Heritage BC Stop of Interest Signs

While I’m puppy-sitting so am not very mobile, I’m going through many thousands of photos from this past summer. They need to be captioned and put in categories so I can find them when I need them. I usually do this soon after shooting, but never sat still long enough this year. There are so many great memories in these files, and there are also lots of ideas for travel, for photo subjects, and for articles/posts, including a few on BC history.

This morning, I went through the files to see how many of BC’s heritage signs I’d gotten photos of over the years. I was surprised how few I have, and will try to rectify that in 2017.

In a program started to commemorate BC’s centennial in 1958, Stop of Interest signs were erected around the province to increase people’s knowledge of significant historic people, places, and events. Over 140 signs were erected between then and 2008, but many have been moved, damaged, and apparently even lost. A list of what is termed “the 139 known signs” can be downloaded here – but you’ll see 3 signs below that aren’t listed in that inventory.

An article in The Chilliwack Progress on June 29, 1977, said that 35 signs had been installed in 1958, and another 98 between 1958 and 1977. They were made of cast aluminum with a baked enamel finish, with the text limited to about 50 words. At that time, a guide to the signs could be picked up at tourism offices.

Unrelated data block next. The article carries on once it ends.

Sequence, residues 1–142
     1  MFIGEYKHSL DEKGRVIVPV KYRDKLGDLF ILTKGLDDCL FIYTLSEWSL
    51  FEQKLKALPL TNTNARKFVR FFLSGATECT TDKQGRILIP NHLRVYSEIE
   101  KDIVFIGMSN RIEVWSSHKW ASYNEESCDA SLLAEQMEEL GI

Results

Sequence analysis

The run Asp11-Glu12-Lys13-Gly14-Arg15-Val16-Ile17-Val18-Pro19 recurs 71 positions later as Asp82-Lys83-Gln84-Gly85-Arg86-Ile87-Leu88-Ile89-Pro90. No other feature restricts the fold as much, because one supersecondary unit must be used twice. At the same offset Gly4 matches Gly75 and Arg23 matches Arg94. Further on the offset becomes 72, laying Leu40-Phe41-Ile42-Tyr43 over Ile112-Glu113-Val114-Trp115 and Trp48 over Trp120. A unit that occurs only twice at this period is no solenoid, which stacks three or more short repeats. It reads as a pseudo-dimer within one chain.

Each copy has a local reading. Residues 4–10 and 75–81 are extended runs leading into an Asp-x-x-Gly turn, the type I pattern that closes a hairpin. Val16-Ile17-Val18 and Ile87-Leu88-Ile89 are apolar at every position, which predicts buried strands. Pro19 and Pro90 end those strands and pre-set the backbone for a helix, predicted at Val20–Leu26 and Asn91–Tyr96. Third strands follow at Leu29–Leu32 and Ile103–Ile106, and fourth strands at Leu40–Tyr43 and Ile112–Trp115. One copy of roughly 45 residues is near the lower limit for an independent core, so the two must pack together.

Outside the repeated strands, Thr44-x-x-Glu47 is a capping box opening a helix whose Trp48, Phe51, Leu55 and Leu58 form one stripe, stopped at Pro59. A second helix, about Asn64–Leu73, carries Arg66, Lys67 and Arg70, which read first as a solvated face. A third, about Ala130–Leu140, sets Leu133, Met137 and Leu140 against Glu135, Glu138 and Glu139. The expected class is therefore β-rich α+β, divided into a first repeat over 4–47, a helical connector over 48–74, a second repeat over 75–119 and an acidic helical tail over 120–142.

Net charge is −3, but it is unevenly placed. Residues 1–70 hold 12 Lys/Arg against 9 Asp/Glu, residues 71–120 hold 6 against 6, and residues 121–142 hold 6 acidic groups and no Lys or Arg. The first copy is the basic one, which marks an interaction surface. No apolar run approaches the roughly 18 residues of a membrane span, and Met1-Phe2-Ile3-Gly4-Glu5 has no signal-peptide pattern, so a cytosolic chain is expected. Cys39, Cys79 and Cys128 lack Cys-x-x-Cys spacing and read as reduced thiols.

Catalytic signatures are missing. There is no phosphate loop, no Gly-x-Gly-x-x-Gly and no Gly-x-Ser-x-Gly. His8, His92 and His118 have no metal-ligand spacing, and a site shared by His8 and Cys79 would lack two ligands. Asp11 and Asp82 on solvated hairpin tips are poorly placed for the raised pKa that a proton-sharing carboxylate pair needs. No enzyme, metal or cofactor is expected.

In September 2016, the B.C. Government announced its intention to create 75 new Stop of Interest signs around the province. Building on Heritage BC’s 2015 assessment project to locate all the existing signs, the government is also repairing signs that need work. The Ministry of Transportation and Infrastructure (TranBC) adds: “In some cases, they need to be replaced because the language is out of date. Really, really out of date. So we’ll work to update these signs and start replacing them this fall [2016].”

Until January 31, 2017, you can suggest sites, people, and/or events that you think should be included among the 75 new Stop of Interest signs – visit this Web site to make your suggestions.

The signs that I’ve found in my files so far are below, listed roughly from the south to the north of BC. The location, the full text of the sign, and the date of installation when known, are included with each.

Hedley, Famous for Gold – located on Highway 3 at the western edge of Hedley, this sign was installed in 2008 to replace one from about 1958, “Gold in Nickel Plate”.

Nestled between Stemwinder and Nickel Plate Mountains, the historic gold mining town of Hedley sprang up shortly after the yellow precious metal was discovered here in 1897. The town was named after Robert R. Hedley, mining engineer. Both the mountain top Hedley Mascot and Nickel Plate mines extracted millions worth of gold, silver and copper before finally closing in the 1950s after the ore body was exhausted. Today tourism brings new life to the town famous for gold.